Kanobi soon returned to me shaking in fear. He was limping slightly, but I think he had probably stepped on a thorn. My biggest concern was the younger dog. I called out to her, in part to warn the bear we were coming deeper into the brush patch. I didn’t get any response from Leia, no whimpers, no whining, no nothing. I thought of a story I had heard about a dog challenging a black bear and with one swipe of its paw, the bear had sent the dog flying through the air with its side ripped open. In this case, I had heard numerous yelps of distress, but I had not heard Leia screaming in mortal anguish. I was once with a dog when it stepped in a coyote trap. I didn’t know dogs could scream in pain and fear until that day. Leia hadn’t made that kind of noise, but I also knew if the bear had caught her, he might have crushed her before she could make any further sound.
It was 3:45 PM as Kanobi and I crawled deeper into the brush searching for Leia. I was on my hands and knees. It seemed like I was getting puncture wounds from the thorns with every move. For a while, I tried to keep my revolver in my hand, but it was too difficult to crawl that way, so I placed it back in the holster and made sure the snap held it firmly in place. Being on my hands and knees in the brush was an awkward position from which to defend myself. I kept looking around and listening, both for Leia and for the bear. I also continued to call for Leia as loud as I could, in part to frighten away the bear.
We probably searched for 30 minutes and found nothing of the younger dog. Kanobi and I headed back to the vehicle. As we climbed the steep hillside, I called out to Leia and scanned the hillsides below us, but saw nothing. I hoped we would find her at the vehicle. The 600 yard walk back to the vehicle seemed like a long one. It was 45 degrees outside, but I was perspiring heavily and took my coat off long before reaching the pickup.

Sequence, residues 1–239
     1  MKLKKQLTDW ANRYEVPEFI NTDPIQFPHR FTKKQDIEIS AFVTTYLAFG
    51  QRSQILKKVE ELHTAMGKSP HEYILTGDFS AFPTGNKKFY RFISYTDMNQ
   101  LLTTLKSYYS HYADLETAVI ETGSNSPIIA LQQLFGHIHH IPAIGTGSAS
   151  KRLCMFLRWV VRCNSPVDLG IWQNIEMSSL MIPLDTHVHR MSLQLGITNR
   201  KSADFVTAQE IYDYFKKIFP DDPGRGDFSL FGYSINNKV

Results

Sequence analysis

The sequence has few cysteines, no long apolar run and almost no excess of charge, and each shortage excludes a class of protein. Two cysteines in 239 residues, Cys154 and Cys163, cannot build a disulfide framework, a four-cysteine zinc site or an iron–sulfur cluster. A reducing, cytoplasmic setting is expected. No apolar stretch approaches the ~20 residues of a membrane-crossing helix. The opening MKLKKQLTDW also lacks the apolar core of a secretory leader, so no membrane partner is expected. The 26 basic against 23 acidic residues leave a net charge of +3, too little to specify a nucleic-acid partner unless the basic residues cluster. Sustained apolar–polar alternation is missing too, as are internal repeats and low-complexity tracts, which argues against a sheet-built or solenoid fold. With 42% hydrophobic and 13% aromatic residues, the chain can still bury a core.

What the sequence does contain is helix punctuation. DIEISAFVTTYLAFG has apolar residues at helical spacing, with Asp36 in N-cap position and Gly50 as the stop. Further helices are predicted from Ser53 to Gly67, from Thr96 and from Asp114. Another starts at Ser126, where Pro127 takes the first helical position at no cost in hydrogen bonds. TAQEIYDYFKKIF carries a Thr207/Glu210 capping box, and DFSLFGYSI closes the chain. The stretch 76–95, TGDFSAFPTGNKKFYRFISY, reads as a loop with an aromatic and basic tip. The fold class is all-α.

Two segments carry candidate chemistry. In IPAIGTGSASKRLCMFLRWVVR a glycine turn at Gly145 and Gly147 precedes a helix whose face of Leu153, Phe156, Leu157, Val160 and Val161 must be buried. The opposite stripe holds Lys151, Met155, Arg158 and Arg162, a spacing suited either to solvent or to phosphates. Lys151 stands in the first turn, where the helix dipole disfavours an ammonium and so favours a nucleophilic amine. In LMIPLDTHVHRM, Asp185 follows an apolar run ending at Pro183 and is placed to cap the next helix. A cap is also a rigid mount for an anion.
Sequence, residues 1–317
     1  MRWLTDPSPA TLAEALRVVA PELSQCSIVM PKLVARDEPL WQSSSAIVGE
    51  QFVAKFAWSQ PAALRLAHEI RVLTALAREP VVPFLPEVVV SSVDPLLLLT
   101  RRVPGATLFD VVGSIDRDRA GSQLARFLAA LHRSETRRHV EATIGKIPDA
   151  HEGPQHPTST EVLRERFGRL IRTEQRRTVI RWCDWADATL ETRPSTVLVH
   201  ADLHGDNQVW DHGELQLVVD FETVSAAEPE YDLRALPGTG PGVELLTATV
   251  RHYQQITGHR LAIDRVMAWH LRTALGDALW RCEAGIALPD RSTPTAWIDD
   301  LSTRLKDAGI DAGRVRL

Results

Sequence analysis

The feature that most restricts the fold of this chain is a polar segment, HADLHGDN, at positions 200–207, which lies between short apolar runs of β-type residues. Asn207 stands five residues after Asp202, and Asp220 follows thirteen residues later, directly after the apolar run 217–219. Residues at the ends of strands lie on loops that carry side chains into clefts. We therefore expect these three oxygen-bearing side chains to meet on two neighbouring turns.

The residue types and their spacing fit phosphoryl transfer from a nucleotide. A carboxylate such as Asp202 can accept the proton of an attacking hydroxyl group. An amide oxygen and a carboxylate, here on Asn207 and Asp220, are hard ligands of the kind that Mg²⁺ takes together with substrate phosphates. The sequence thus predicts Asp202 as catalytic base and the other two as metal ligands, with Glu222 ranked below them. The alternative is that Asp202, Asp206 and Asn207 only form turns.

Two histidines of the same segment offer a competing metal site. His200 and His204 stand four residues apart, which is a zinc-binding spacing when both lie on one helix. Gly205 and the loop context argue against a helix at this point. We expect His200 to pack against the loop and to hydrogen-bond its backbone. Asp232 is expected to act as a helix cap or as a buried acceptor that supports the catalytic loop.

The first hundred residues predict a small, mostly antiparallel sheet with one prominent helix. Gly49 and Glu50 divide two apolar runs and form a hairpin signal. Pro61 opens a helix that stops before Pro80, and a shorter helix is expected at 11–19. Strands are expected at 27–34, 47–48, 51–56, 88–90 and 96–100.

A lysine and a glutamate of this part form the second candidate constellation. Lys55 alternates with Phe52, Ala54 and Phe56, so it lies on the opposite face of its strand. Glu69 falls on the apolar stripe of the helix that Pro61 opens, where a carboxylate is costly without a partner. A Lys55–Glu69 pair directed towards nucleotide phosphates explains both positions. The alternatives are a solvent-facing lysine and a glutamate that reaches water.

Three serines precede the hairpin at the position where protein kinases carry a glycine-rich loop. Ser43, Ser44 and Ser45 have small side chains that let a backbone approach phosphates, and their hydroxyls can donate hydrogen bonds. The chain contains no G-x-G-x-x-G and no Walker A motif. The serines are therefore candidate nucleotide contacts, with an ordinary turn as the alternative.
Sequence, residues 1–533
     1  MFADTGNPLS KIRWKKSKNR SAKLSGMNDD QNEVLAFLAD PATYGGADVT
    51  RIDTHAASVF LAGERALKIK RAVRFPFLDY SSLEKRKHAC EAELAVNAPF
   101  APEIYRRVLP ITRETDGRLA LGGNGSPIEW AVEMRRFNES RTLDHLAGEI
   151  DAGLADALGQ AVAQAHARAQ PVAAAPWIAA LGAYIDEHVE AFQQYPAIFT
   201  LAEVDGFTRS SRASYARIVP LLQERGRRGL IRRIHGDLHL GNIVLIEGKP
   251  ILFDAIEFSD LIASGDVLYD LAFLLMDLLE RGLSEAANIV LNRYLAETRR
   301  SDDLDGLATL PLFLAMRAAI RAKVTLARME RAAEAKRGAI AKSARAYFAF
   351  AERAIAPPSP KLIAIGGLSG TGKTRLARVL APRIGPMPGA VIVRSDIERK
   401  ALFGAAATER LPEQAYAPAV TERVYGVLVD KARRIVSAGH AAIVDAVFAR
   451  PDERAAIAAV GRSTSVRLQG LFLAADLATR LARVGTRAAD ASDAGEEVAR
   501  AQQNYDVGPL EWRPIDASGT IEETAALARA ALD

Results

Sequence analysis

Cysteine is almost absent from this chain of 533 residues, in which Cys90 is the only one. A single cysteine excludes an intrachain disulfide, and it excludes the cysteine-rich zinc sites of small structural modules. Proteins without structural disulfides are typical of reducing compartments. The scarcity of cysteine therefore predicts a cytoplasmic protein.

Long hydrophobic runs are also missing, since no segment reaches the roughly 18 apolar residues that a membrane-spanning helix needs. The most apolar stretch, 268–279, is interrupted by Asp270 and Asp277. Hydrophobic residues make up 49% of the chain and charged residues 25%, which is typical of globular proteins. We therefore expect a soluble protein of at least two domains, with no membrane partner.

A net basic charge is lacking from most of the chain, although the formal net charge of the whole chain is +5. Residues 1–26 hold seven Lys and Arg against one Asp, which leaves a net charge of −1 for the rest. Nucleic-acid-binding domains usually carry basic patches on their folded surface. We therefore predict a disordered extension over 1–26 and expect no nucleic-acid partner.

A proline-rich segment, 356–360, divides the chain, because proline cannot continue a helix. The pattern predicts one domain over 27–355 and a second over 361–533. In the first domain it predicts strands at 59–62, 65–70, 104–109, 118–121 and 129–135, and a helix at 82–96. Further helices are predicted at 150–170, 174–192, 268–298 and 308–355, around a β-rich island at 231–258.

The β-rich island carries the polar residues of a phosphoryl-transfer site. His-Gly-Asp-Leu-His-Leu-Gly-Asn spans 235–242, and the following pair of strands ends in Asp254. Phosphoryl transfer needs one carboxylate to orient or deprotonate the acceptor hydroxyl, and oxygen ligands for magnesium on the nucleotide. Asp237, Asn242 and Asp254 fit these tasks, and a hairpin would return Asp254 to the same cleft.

As we came into sight of the vehicle, I hoped Leia would be waiting there for us. I couldn’t see her anywhere. The end gate of the pickup was closed, but the door on the canopy was open. I was preparing to lower the end gate to load kanobi when I heard a noise in the pickup. It was Leia. She had climbed over the end gate and was cowering at the front of the pickup bed. I lowered the end gate and called her to me. Still cowering, she came to the rear of the pickup and I inspected her for injury. I found nothing, although she was still obviously frightened. I picked up Kanobi and placed him in with Leia. He took an interest in her hip, sniffing and inspecting. I checked that and found no blood or sensitive areas. There was no blood in the pickup, so I concluded she was free of any serious injury.
The dogs and I came home and I told my wife of our adventure. My voice was hoarse from calling for Leia. We brought the dogs in the house and my wife threw a toy down the hall for Leia. This is a common game my wife plays with Leia, but this time the dog would only go part way down the hall before returning to us. She was afraid of what might be waiting for her at the other end of the hallway. She often lays at my feet while I am at the computer, but while I was writing this, she rested with her head between my feet, something she has never done before. I hope she will soon get over her fear and I am glad we all made it home in one piece. I still intend to find Flint Ridge, but I plan on leaving my dogs at home next time.